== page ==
Monday, February 16, 2015

Fantasy Focus: Thoughts On Starting Pitchers

I ranked all of the MLB SP's with WHIPs of 1.30 or less by total PROJECTED strikeouts according to Steamer.  My rationale for this is the 5 standard fantasy pitching categories are Wins, ERA, K's, WHIP and Saves.  Saves are obviously a completely separate issue pretty much limited to Closers.  Wins are a complete crapshoot and WHIP is more stable from year-to-year than ERA while approximately paralleling it. K rates are quite stable, so if you can project innings, you should get pretty close to yearly K's.  When I draft pitching, I draft for things that are projectable, which is K's and WHIP and factor in health if there is something I know about the pitcher.

I was able to find a total of 74 MLB SP's with projected WHIP's of 1.30 or under.  The K leaders in that group were generally not surprising.  The top 5 were Kershaw, Scherzer, Darvish, Sale and Bumgarner.  There were a few names that might surprise you and seem to be unknown to early mock drafters.

#10 Ian Kennedy 186 K's, 1.25 WHIP.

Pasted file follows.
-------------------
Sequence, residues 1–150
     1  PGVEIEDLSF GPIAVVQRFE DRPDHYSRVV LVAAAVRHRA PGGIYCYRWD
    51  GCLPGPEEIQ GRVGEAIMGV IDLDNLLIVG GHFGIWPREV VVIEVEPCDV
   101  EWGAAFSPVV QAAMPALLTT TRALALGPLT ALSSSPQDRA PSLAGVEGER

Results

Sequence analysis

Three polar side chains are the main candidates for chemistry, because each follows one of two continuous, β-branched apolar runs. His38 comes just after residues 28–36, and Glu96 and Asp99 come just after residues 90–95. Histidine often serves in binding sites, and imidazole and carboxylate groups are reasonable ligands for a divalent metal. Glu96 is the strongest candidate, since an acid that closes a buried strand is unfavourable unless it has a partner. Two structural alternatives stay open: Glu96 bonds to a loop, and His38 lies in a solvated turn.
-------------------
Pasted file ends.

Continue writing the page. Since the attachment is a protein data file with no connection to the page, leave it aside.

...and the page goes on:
#19 Tony Cingrani 170 K's, 1.30 WHIP.
#20 Mike Fiers 169 K's, 1.20 WHIP.
#23 Marcus Stroman 168 K's, 1.24 WHIP.
#24 Drew Hutchison 165 K, 1.28 WHIP.

Cingrani had some injury issues last year and his health status for 2015 is largely unknown, so I would pass on this one in a draft unless he appears to be completely healthy in spring training.  The rest of these look pretty reliable.  Kennedy gets hurt in drafts by a history of high ERA's but he was in the mid 3's last year and will be pitching in Petco Park again.  On the other hand, that Padres OF looks like it could cause Padres'  pitcher BABIP's to soar.

Here are some pitchers outside the top 20 with WHIP's under 1.20:

#27 Hyun-Jin Ryu 160 K's, 1.17 WHIP.
#37 Hisashi Iwakuma 155 K's, 1.17 WHIP.
#38 Jordan Zimmermann 155 K's, 1.15 WHIP.
#44 John Lackey 150 K's, 1.19 WHIP
#63 Brandon McCarthy 131 K's, 1.15 WHIP.

Valuation of players is different in standard snake drafts vs auction drafts.  In standard drafts, you simply rank your players and take the best available  In this situation, Kershaw would clearly be your #1 ranked pitcher.  In auction drafts, you can buy any player(s) you want, but you have bid against other players and you have a spending cap, usually $260 for 23-26 man rosters.  Even though Kershaw is clearly the #1 pitcher, if you have to pay $8-10 more than you would pay for Max Scherzer or Chris Sale, you might prefer to save the extra money and draft Scherzer or Sale as your ace.  Or you might elect to save even more money and wait to draft a Zach Greinke or Jon Lester or David Price as your ace.  With 74 SP's projected to have WHIP's of 1.30 or less, you can get very good pitching very late in your draft, whether you are in a standard draft or an auction draft.

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